The major epithelial permeability barriers are controlled and regulated by a cascade of events triggered by homotypic and heterotypic cell/cell interactions and cell/extracellular matrix (ECM) interactions. Since starting this research, we have demonstrated that CD98, a type II membrane glycoprotein, is covalently linked to an amino-acid transporter in intestinal epithelial cells to form a heterodimer. In intestinal epithelia, the heterodimer is associated with ?1-integrin and intercellular adhesion molecular 1 (ICAM-1) to form a macromolecular complex in the basolateral membranes of polarized intestinal epithelial cells. The extracellular C-terminal domain of CD98 contains a PDZ-binding domain that has a role in ECM protein/protein interactions. Epithelial CD98 up-regulation is mediated by the pro-inflammatory cytokine interferon ? (IFN-?) during intestinal inflammation. Our overall hypothesis is that the macromolecular complex may control important functions such as cell/cell and cell/matrix interactions.
The first aim of this proposal is to investigate the functional effects of epithelial CD98 expression on in-vitro and in-vivo intestinal barrier function. Specifically, we will identify the specific molecular CD98 domains that affect intestinal epithelia permeability barriers. Second, we will investigate the role of CD98 in epithelial/T cell and epithelial/matrix interactions. Furthermore, we will identify the CD98 molecular domains that are responsible for these interactions. Finally, we will examine the role of CD98 that is expressed in T lymphocytes using an in-vivo approach. The project will involve a variety of biochemical, molecular, in vitro and in vivo approaches. In vitro experiments will use intestinal epithelial cell line Caco2-BBE and immune cell line Jurkat to investigate at the molecular and biochemical levels the expression/function of CD98 in intestinal inflammation. In vivo experiments will use mice that harbored a conditional CD98 gene and experimental colitis mice in order to confirm and develop the key information needed to design therapeutic strategies to ameliorate intestinal inflammatory conditions including IBD. Over one million adults and children in the U.S, suffer from inflammatory bowel disease. New therapeutic strategies based on a better understanding of the pathogenesis of IBD will improve the clinical care of patient with this disorder.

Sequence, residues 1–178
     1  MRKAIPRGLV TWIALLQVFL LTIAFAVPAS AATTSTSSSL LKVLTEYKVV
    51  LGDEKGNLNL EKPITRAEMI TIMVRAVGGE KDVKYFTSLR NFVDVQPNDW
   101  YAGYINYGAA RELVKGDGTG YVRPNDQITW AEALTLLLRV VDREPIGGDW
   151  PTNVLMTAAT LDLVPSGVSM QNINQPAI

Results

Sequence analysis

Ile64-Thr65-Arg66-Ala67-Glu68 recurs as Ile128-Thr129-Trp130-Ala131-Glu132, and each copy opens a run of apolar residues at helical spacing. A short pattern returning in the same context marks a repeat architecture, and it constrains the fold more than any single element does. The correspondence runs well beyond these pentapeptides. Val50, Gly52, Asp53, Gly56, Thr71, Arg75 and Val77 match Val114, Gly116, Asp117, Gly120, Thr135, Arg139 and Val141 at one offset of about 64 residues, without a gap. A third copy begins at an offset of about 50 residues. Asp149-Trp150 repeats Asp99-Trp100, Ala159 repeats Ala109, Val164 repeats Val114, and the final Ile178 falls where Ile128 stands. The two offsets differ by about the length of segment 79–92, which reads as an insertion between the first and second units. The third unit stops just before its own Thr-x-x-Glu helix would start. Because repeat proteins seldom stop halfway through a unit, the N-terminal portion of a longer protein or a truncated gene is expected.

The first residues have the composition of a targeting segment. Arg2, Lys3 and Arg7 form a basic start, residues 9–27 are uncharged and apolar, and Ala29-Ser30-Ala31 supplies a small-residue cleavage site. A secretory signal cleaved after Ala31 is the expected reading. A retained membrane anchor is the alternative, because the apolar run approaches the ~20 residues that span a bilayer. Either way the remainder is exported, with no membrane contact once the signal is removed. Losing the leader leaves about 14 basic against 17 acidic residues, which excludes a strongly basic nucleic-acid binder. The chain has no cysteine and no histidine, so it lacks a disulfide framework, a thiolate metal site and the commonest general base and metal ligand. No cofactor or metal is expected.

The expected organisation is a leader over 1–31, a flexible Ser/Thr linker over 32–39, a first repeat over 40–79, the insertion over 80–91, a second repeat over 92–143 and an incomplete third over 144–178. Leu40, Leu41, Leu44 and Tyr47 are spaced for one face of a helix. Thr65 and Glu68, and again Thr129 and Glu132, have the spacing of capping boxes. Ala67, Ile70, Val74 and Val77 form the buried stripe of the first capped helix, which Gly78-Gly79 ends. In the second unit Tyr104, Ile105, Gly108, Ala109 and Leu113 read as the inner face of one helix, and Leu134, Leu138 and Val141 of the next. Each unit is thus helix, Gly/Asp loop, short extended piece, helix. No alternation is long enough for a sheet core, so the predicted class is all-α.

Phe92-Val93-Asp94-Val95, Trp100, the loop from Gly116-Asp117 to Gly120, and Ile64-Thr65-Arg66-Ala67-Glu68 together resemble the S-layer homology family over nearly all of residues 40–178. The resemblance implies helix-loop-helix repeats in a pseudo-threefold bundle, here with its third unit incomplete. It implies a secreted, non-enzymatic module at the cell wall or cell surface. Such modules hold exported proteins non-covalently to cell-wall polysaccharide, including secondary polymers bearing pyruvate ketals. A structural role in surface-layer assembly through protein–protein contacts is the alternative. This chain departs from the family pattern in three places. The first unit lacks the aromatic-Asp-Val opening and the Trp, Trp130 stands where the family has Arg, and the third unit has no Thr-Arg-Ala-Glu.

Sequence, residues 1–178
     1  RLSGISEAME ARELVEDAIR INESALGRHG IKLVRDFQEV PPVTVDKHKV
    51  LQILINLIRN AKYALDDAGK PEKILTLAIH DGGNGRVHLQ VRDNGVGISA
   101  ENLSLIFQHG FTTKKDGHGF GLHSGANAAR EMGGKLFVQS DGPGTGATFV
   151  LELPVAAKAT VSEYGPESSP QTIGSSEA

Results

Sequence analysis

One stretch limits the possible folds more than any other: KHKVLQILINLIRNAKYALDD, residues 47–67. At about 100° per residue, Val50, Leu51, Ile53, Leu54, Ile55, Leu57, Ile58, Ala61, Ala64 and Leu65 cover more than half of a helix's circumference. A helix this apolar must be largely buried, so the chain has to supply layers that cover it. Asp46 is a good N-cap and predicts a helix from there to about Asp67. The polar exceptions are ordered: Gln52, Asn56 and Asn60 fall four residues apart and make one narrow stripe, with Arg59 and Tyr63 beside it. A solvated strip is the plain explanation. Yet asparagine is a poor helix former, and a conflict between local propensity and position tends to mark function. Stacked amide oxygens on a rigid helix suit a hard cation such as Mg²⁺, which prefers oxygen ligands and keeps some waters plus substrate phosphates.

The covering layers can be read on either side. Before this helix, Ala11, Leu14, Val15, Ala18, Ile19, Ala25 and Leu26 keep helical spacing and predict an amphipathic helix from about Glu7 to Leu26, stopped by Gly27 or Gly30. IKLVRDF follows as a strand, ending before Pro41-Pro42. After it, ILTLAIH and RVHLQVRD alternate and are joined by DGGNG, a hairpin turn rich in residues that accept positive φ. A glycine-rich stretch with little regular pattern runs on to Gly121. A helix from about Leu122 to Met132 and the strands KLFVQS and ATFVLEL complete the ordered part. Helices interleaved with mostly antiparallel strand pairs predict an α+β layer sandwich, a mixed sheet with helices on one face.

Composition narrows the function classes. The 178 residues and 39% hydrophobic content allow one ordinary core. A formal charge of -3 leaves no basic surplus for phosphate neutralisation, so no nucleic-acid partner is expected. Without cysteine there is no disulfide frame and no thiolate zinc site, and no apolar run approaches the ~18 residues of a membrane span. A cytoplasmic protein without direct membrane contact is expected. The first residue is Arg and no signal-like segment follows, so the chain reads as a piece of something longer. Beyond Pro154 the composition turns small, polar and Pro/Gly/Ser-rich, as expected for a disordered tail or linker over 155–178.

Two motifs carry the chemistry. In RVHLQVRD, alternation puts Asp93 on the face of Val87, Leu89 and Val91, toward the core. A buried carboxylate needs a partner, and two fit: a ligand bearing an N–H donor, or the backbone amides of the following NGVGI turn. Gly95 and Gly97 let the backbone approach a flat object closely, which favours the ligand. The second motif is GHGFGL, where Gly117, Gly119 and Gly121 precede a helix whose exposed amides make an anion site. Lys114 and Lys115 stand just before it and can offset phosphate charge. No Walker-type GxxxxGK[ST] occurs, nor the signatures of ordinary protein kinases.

Public Health Relevance

Even though major advances have been made in the past decade with respect to understanding the genetics, environmental and immune dysregulation in IBD, the etiopathogenesis of IBD is poorly understood. It is envisaged that this investigation will define the molecular mechanisms underlying the functional role of CD98 in intestinal inflammation and initiate therapeutic strategies to ameliorate intestinal inflammatory conditions including IBD.

Agency
National Institute of Health (NIH)
Institute
National Institute of Diabetes and Digestive and Kidney Diseases (NIDDK)
Type
Research Project (R01)
Project #
5R01DK071594-08
Application #
8291404
Study Section
Clinical and Integrative Gastrointestinal Pathobiology Study Section (CIGP)
Program Officer
Carrington, Jill L
Project Start
2005-07-01
Project End
2014-06-30
Budget Start
2012-07-01
Budget End
2014-06-30
Support Year
8
Fiscal Year
2012
Total Cost
$282,986
Indirect Cost
$91,131
Name
Georgia State University
Department
Biology
Type
Schools of Arts and Sciences
DUNS #
837322494
City
Atlanta
State
GA
Country
United States
Zip Code
30302
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